Children with DS have an underdeveloped syntax in both receptive and expressive language. By the age of 2-years, a child is typically able to put two words together and create small sentences.

However, children with Down syndrome take longer than typically growing children to put two words together and create a sentence.

Recent studies show that children with DS have a lower than average understanding of syntax as compared to their non-verbal cognition.

SLPs work on developing syntax and expressive language skills. Children with Down syndrome often show progress in strengthening reading & writing skills. However, SLPs can play a significant role in strengthening their reading and learning skills.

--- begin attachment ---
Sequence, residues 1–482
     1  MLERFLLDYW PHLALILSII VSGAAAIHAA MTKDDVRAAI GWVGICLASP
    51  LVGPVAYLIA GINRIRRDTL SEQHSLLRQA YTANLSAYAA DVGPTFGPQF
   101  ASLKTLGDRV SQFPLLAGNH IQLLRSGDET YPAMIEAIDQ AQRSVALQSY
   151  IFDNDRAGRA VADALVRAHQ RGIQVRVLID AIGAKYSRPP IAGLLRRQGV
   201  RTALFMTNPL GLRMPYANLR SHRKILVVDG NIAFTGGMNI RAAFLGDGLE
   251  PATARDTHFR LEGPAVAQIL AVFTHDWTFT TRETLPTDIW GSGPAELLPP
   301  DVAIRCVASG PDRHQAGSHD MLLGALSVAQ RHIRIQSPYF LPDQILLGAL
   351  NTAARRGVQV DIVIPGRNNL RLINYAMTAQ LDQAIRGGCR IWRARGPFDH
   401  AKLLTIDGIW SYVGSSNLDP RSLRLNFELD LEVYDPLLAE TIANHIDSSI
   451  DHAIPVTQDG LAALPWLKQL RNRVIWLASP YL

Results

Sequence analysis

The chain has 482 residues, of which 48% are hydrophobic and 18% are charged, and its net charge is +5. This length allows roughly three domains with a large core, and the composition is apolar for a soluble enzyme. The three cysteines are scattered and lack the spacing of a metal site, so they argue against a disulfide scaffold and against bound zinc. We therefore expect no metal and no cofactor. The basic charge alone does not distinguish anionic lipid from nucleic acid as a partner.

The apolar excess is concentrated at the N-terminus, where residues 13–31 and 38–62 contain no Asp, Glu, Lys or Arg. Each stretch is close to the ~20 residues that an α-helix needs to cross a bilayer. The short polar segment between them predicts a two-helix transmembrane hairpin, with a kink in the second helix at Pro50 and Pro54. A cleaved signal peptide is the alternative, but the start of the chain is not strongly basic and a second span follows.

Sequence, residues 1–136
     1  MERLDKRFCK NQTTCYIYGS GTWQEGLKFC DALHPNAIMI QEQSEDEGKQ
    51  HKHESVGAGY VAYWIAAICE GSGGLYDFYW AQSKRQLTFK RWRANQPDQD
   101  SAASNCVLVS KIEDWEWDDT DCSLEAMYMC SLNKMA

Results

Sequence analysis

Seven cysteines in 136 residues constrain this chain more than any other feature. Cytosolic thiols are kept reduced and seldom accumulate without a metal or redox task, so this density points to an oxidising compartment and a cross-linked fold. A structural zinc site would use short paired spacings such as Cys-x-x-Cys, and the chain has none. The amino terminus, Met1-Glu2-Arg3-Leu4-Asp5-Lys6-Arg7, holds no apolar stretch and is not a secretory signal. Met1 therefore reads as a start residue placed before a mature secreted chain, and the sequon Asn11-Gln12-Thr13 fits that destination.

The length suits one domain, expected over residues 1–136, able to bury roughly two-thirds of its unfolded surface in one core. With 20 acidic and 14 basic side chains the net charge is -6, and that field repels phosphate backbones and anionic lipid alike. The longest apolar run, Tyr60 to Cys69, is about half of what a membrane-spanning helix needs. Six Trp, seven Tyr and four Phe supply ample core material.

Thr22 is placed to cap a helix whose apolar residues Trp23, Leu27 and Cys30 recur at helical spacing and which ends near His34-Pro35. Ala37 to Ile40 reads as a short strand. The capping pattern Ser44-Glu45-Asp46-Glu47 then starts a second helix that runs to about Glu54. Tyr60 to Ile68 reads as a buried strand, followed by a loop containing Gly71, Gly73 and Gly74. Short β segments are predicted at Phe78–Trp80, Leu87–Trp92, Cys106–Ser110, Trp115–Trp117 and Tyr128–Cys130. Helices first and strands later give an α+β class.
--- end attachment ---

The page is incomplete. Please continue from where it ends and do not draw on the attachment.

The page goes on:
Complementing communication with visual cues (augmentative and alternative communication methods) can help children with DS develop their speech and language skills.

How Can an SLP Help a Child with Down Syndrome?

A speech-language pathologist or SLP can evaluate, assess and treat the speech and language difficulties kids with DS face.

One of their primary responsibilities is to develop a treatment plan following a comprehensive assessment. They can enlist the different areas that require work, such as receptive and expressive language, vocabulary, syntax (grammar), oral motor planning, and oral motor strengthening.

If your child has hearing issues, the SLP will recommend a qualified ENT (ear-nose-throat) specialist. Children with DS require frequent and regular hearing tests to rule out any hearing-related problems.

The SLPs can work with teachers, families, and children with Down syndrome to implement effective programs at home, school, and community levels. It can help affected children hone their communication skills.